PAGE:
‘We are committed to saying Visa should be a crypto-native company’: Cuy Sheffield on Visa’s crypto strategy
- While most FIs wait for crypto regulations to kick in to get involved, Visa is rolling up its sleeves and stepping in to contribute towards its architecture.
- We sat down with Cuy Sheffield, head of Visa Crypto, to learn more about shifting trends in the space, how Visa wants to shape blockchain payments, and what the future of crypto looks like.
Visa Crypto recently made an announcement. No, not for another credit card launch. The digital payments giant wrote a proposal about automating recurring payments on the Ethereum blockchain.
The crypto landscape is built on the shoulders of whitepaper proposals coming from blockchain developers using GitHub accounts. And while most FIs wait for crypto regulations to kick in to get involved, Visa is rolling up its sleeves and stepping in to contribute towards its architecture.
We sat down with Cuy Sheffield, head of Visa Crypto, to learn more about shifting trends in the space, how Visa wants to shape blockchain payments, and what the future of crypto looks like in the next ten years.
Until the FTX blow-up, exchanges were the main playground for FIs’ involvement in crypto. Speculation was the name of the game. Visa partnered with over 65 crypto companies looking to receive payments or issue cards. According to Cuy, that was the number one use case.
“That's the way the cards were marketed. It was like: spend your Bitcoin,” says Cuy.
Most consumers interacting with these cards were cryptomaniacs – people on a cryptocurrency exchange trading Bitcoin. They wanted a way to cash out their gains and spend them.
There are many other products that Visa is working to create with crypto clients. But with prices plummeting, partnerships with crypto exchange platforms are becoming less popular.
As the tide turns, Visa is seeing the trend shift towards digital fiat-backed currencies like stablecoins. According to Cuy, consumers outside the United States are no longer looking at crypto as a speculative asset class, but as a way to access US dollars.
“Many of the products we're working on with our partners tend to be consumers holding dollars in stablecoins on a crypto platform," he says. "How can they spend that form of a dollar at any place that accepts Visa?”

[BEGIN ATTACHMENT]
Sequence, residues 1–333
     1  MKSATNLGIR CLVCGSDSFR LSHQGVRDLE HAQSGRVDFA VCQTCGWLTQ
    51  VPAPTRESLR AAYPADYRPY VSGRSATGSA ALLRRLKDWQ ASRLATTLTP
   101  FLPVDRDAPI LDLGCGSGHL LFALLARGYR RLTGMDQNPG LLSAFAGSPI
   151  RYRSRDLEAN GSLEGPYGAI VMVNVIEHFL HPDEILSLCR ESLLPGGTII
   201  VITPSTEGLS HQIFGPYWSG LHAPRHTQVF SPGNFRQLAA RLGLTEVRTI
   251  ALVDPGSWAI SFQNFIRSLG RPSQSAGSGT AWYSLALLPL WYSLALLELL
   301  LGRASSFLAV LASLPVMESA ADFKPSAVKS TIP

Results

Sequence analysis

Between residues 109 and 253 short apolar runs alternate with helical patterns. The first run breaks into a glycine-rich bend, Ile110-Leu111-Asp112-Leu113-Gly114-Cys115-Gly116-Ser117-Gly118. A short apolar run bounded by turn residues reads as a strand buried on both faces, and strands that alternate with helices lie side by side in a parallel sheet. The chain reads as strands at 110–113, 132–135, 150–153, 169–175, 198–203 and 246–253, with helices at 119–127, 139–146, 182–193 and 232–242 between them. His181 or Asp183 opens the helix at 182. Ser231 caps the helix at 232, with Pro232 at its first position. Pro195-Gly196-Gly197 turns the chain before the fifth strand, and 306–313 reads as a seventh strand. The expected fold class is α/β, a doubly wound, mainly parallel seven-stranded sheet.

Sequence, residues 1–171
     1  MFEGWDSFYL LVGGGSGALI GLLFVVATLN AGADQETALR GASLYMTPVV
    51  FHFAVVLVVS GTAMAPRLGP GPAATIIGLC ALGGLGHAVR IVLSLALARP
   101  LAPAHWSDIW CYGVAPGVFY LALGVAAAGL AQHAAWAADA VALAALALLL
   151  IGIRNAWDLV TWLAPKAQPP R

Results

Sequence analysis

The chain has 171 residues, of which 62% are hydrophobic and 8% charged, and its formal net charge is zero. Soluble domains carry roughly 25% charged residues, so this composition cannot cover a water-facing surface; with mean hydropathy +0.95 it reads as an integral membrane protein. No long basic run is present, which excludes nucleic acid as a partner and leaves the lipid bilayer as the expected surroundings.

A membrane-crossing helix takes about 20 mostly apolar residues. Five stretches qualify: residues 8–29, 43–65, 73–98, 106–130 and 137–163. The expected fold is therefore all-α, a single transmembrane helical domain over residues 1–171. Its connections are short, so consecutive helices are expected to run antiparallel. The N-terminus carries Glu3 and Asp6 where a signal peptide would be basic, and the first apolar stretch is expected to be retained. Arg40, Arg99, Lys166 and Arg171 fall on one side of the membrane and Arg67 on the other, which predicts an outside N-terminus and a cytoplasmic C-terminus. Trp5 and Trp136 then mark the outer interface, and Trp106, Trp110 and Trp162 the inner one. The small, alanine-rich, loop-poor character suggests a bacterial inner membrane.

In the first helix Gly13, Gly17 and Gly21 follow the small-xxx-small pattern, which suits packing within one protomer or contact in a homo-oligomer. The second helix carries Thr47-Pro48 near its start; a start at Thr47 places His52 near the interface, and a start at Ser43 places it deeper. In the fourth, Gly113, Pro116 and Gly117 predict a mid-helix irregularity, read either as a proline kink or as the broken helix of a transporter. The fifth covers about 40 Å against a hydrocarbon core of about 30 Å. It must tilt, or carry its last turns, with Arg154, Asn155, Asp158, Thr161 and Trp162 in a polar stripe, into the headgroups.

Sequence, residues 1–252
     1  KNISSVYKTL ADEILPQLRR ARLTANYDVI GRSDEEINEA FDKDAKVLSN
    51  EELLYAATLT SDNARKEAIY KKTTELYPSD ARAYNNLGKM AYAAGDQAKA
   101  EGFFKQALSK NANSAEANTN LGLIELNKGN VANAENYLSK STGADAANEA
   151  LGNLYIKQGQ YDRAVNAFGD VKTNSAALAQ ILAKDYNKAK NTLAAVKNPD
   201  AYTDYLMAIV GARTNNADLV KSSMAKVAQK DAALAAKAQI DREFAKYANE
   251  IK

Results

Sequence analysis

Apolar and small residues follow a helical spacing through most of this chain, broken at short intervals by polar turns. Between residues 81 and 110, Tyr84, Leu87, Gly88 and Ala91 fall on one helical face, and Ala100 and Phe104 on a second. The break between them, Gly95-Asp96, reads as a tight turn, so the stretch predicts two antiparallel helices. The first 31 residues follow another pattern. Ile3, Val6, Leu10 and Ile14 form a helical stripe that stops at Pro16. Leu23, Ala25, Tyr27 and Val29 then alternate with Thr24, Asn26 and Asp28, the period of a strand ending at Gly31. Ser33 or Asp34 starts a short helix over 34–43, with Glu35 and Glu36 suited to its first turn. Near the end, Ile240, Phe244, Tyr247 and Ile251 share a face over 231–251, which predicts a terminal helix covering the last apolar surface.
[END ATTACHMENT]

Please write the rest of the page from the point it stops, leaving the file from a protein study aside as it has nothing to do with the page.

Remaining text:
In October, Visa filed patents for launching cryptocurrency wallets and software for auditing cryptocurrencies. The company believes blockchain technology will drive significant innovations in payments and financial services.
Visa thinks it should be at the forefront of understanding how blockchains work, and their partnerships with banks, merchants, and fintechs require them to take on a leadership position.
“We're doubling down on our efforts to learn by doing, experimenting, and building a team with knowledge and expertise,” Cuy told Tearsheet.
Visa's recent announcement is about how it has been writing smart contracts, a new form of software development. The company is redefining smart contracts to suit FIs and creating new user experiences for consumers who want to enable automatic recurring payments on the blockchain. That's not something that exists at scale on blockchain networks today.
How Ethereum smart contracts usually work. (Source: Visa)
Currently, non-custodial wallets require a signed authorization to make a transaction. The private key holder has to sign every time they want to process a payment. And if they want to automate recurring payments, they need to put their assets in a custodial wallet (like an exchange), and they have to make those transactions on their behalf. With the lack of trust surrounding centralized crypto exchanges, Visa worked on a solution.
Visa Crypto's proposal for account abstraction. (Source: Visa)
To get it done, Visa Crypto borrowed the concept of account abstraction developed by Vitalik Buterin in 2017. They experimented with a layer 2 network called StarkNet that sits on top of Ethereum, and then wrote a smart contract to delegate a trusted third party to pull funds out of a non-custodial wallet on a recurring basis. Visa says all of this is intended for research and building their technical knowledge.
Visa Crypto's account abstraction code. (Source: Visa)
“It's still very early, and we're not committing to launching live products and commercializing with the announcements,” says Cuy.
Visa's strategy: the DEFI mullet
The dreaded crypto winter hasn't changed Visa’s strategy. It is “committed to saying Visa should be a crypto-native company.” Visa's crypto team was created during the last bear market, and it operates with a long-term perspective of how crypto will impact payments over the next ten years.
Visa Crypto is clear that its North Star is becoming the bridge between crypto technologies and the payments ecosystem. It sees stablecoins as a “killer app on blockchains.” The features it is building are centered around making dollars (in the form of stablecoins) run on blockchains to facilitate a range of payment use cases.
"I think the DeFi mullet means that crypto will only become mainstream when it moves to the backend – when consumers don't have to learn and understand, which blockchain network am I on? Or what's a private key? They should be able to use it to solve a problem," says Cuy.
Some of the new-generation products emerging from Visa’s Fintech Fast Track Program are wallets that look and feel like a version of Venmo, but happen to be using crypto technology on the backend. The goal is not to pick winners and losers – the company is open to working with every fintech company to contribute to the open-source technology ecosystem.
“And then it's a question of what ways we can commercialize it for Visa for our clients in the future. But for now, we want to crank out research in demos and proof of concepts to show what's possible,” says Cuy.